**Scalar and vector quantities:** The physical quantities which have only magnitude and need no idea of direction are called scalar quantities.

**For example:** Speed, mass, time, length, area, volume, density, work, energy etc.

**Vector quantities:** There are certain quantities which require magnitude as well as direction, to express them clearly, i.e., the physical quantities which have magnitude, as well as direction, are called vector quantities.

**For example:** Velocity, acceleration, force, pressure etc.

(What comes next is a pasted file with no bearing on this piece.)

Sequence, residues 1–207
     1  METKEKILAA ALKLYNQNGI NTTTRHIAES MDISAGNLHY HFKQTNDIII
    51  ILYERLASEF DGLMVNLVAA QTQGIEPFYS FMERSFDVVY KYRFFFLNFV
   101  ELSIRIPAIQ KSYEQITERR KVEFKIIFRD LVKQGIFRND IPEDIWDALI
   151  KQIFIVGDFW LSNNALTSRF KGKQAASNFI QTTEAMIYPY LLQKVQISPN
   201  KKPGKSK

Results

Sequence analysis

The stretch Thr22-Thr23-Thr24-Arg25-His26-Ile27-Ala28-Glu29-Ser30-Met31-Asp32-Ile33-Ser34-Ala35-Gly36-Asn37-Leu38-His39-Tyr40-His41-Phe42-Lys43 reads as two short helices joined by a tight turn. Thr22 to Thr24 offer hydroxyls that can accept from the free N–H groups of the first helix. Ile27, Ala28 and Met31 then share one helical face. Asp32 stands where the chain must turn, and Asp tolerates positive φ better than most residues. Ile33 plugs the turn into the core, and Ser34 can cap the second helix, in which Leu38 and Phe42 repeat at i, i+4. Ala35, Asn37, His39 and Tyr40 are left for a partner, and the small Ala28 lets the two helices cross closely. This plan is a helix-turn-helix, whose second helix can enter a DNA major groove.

**Vector representation:** A vector quantity is represented by a single arrow. It is written as \(\bar { AB } \). Here, length of AB is the magnitude of |\(\bar { AB } \)|.

**Unit Vector**

A unit vector is a vector whose magnitude is unit and direction is the direction of the vector, say \(\bar { AB } \). A unit vector is denoted by \(\hat { A } \) and it is read as A cap.

\(\bar{A} =|\bar{A}|\hat {A} =\hat{A} =\frac{\bar{A}}{|\bar{A}|} \)